At one point the writer conflates religious buildings of all kinds with ideology & asks that no religious buildings be built near this place. How can we take such a request seriously? And what of the religious buildings already nearby? Why are they all right, but nothing new is acceptable? One of my favorite buildings downtown is Trinity Church -- all those tall buildings dedicated to nothing but money & there's a comparatively small church with a graveyard no less! Should that be brought down to assuage someone's grief? Trinity is an Episcopal church & I believe it remains with the current Anglican communion -- it has not joined with the conservatives who are angered by gay bishops or female priests. Doesn't taking either side in the Anglican rift make Trinity a kind of monument to ideology of some sort that the writer proposes not be allowed near One WTC? Why is the Cordoba House representative of an ideology but the mosque 4 blocks away not?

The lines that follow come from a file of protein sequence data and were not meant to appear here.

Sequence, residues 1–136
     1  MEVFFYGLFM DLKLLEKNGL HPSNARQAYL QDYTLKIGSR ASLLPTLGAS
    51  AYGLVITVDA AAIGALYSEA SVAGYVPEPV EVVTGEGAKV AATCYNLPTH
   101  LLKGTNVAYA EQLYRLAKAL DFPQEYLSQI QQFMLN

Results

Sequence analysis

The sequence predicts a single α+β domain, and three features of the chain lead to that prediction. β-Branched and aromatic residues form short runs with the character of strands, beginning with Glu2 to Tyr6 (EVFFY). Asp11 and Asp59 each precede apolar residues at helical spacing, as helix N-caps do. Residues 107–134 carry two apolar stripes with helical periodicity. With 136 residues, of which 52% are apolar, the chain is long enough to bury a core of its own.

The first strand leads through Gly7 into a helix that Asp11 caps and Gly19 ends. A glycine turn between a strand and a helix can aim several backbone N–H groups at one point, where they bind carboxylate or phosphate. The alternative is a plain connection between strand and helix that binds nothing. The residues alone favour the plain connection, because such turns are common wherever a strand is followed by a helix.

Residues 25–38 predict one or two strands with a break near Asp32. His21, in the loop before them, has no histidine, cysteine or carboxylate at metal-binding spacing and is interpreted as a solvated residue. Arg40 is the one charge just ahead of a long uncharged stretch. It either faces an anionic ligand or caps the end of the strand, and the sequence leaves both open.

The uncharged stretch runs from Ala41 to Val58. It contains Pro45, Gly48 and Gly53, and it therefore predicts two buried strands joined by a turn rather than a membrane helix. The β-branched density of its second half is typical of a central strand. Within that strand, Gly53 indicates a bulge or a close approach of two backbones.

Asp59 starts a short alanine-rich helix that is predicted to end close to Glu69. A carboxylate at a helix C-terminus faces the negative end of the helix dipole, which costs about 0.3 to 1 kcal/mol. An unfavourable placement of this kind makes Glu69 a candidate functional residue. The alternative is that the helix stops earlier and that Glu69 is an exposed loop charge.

What is actually at "ground zero" is going to be a $100 million office building doing the sort of business done in the Wall Street district. Does anyone expect that its tenants, design, or ultimate uses can be vetoed by representatives of the victims? If we don't allow commerce to be vetoed by these people's feelings, why allow other buildings, farther away, to be controlled by their feelings?

There's also the issue of the extent to which a person is good at predicting her feelings. Research suggests none of us are good at this. http://www.newyorker.com/arts/...